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Pre-1914 Literature Arthur Conan Doyle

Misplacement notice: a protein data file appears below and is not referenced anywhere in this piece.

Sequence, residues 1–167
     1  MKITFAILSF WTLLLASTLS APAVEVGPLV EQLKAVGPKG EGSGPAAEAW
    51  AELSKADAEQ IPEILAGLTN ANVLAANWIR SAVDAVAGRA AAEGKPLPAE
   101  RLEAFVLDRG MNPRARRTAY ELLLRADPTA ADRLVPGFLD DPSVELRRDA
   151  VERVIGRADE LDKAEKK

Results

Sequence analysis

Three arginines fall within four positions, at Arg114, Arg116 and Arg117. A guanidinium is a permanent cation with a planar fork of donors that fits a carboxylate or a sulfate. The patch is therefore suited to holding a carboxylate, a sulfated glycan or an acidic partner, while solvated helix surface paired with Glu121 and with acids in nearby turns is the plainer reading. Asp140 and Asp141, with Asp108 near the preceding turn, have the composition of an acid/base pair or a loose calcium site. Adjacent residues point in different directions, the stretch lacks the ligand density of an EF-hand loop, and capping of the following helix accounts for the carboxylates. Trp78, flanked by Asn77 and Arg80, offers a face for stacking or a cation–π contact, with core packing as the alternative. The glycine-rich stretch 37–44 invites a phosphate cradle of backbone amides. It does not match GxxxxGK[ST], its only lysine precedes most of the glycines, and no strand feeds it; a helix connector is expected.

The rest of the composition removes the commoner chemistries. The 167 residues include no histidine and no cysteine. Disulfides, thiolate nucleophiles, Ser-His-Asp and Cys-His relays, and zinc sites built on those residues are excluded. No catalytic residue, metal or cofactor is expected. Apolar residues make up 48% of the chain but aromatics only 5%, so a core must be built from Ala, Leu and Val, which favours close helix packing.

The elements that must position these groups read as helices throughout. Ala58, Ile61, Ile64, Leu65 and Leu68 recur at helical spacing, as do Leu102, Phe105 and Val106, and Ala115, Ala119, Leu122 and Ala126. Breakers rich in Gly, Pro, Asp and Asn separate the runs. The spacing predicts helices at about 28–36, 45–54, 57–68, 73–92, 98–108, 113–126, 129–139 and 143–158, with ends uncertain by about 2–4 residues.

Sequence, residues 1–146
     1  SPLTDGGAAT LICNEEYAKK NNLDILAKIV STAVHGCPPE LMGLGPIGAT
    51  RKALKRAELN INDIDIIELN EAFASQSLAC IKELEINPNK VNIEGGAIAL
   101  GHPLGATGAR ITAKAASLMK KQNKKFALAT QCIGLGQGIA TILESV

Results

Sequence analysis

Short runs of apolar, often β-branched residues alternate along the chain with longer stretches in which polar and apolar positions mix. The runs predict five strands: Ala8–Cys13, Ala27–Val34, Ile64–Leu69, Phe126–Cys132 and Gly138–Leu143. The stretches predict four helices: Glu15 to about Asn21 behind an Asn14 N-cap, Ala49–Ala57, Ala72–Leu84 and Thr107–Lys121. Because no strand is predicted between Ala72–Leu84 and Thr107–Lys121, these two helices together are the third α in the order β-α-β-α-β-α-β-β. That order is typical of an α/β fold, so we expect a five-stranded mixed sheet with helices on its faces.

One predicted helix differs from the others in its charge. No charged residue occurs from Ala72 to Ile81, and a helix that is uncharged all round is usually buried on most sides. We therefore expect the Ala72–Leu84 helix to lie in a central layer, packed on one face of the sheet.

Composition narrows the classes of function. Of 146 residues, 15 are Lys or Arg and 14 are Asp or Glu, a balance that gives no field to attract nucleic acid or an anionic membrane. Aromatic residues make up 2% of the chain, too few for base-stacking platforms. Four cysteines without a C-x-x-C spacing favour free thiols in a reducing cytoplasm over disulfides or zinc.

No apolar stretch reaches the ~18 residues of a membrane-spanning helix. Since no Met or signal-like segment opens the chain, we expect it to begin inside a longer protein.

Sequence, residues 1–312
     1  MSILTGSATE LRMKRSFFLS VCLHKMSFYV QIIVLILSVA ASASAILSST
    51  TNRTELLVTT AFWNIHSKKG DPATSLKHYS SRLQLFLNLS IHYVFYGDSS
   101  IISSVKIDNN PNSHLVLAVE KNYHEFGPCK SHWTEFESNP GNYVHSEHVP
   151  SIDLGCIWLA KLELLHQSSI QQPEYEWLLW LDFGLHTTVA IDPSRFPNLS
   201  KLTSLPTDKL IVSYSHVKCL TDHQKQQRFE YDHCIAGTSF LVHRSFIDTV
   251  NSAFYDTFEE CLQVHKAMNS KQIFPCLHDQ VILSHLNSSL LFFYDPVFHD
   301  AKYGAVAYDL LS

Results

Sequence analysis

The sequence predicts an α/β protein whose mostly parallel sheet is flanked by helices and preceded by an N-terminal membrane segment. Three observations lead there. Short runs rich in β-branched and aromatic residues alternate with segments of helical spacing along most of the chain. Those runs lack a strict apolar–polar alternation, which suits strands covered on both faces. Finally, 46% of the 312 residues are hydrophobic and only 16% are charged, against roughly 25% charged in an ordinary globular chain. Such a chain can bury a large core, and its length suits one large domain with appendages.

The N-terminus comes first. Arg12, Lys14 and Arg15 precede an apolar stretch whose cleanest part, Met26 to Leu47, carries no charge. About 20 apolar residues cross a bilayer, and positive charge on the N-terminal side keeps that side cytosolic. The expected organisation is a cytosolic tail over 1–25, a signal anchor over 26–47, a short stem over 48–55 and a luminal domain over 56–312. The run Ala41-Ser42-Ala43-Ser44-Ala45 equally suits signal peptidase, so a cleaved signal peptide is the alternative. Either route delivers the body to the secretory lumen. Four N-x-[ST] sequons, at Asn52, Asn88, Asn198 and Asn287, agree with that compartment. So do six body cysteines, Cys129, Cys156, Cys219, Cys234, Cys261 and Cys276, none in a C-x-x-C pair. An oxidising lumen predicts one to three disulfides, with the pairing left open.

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Pre-1914 Literature - Arthur Conan Doyle The Victorian era from 1837 to 1901 saw many revolutionary accomplishments by the British Empire. The Victorian time was well renowned for its contribution to the British industrial revolution and also many new ideas and ways of thinking. This time period also changed the face of Britain forever as transactions between different nations occurred and culture from all over the world found a place to carry out affairs in Britain. The Victorians did not like this much but as time passed Britain has become a cradle for the diverse cultures from all over the world. Arthur Conan Doyle was a Scottish author most acknowledged for his stories about the detective Sherlock Holmes. By exploring a selection of stories by Arthur Conan Doyle they reveal the Victorian attitudes towards gender, ethnicity and class and these are the topics which will be discussed in the following analysis. Victorian attitudes towards gender were much different than what it is today. Men and women were not equal in terms of status. Men had more manipulation and control over women. Men and women had different roles and responsibilities, men were more family leaders and women were more domestically involved. The typical Victorian man was respected because they were thought to be intelligent, rational, doing things with reason and cause. In 'The Speckled Band', Holmes' companion Watson discusses his admiration about Holmes: "admiring the rapid deductions, as swift as intuitions, and yet always founded on a logical basis with which he unravelled the problems which were submitted to him". This quote portrays how the Victorian's saw men as intelligent. In another Sherlock Holmes novel: 'The Man with the Twisted Lip', Holmes himself acknowledges the manly intelligence that he posses: "I have excellent ears". This reveals the male attitude of being superior in terms of intelligence. On the other hand women were seen as not intelligent and over emotional. ...read more.